The Maggie is designed to be assembled with only 1 socket wrench 13/17 (last picture) and no special skills. But the Maggie team wants to fly, so we made six custom toolboxes with a set of power tools.
Thx again Metaleuven for sponsoring this gear. An extra step in Maggie’s professionalisation.
Put on your audio and listen to project leader Timothy (Turkana Building company) explaining what is what. It seems everything is ready for our arrival next week!
There she is!
After 10.000 km’s over water, rails and dust roads, the Maggie container has arrived in Kakuma. Due to heavy rain showers of the last days, the container is temporarily unloaded in an UNHCR warehouse because the truck isn’t able to reach the building site on the muddy roads. But she arrived safely, that’s what counts.
Thx Mohamud Hure of UNHCR KENYA and his 10 local helping hands for taking care on site!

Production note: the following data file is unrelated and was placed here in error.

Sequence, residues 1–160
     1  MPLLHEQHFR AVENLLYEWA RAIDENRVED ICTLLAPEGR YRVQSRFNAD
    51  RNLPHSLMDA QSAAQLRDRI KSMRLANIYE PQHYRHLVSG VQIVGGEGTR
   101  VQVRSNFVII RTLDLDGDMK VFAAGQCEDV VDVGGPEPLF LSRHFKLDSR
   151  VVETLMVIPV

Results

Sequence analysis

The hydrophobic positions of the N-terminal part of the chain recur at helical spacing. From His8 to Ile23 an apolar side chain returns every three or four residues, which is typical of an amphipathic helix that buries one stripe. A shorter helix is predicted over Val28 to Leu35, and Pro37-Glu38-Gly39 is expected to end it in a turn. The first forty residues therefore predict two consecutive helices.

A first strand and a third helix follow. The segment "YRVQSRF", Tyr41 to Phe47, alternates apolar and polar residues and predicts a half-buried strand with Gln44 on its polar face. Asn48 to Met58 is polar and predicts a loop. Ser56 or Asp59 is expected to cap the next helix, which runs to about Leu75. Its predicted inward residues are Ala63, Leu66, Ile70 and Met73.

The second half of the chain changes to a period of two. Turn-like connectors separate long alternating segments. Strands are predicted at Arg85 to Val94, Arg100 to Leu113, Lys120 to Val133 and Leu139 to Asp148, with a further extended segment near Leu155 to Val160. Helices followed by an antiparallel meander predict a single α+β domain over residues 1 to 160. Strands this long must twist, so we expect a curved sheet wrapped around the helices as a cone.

We love it when a plan comes together just in time ! The local contractor Turkana is finishing the container base while the truck is heading for Kakuma as we speak, arriving tonight. 5 months of preparation is rewarded.
The projects of Maggie Program are all about maximising collaboration with local partners.
Today our Kenyan subcontractor Turkana started with Maggie’s preparatory works. Some groundwork and a light foundation so Maggie can serve for at least 15 years as a high quality innovation lab school. Classical heavy buildings would need very deep (2,5 m) and expensive foundations in this unstable alluvial soil. Not necessary for a pop-up school Maggie !
In a few weeks the Maggie team will start building on site. Exciting. Stay tuned !
Met dank aan onze talrijke sponsors!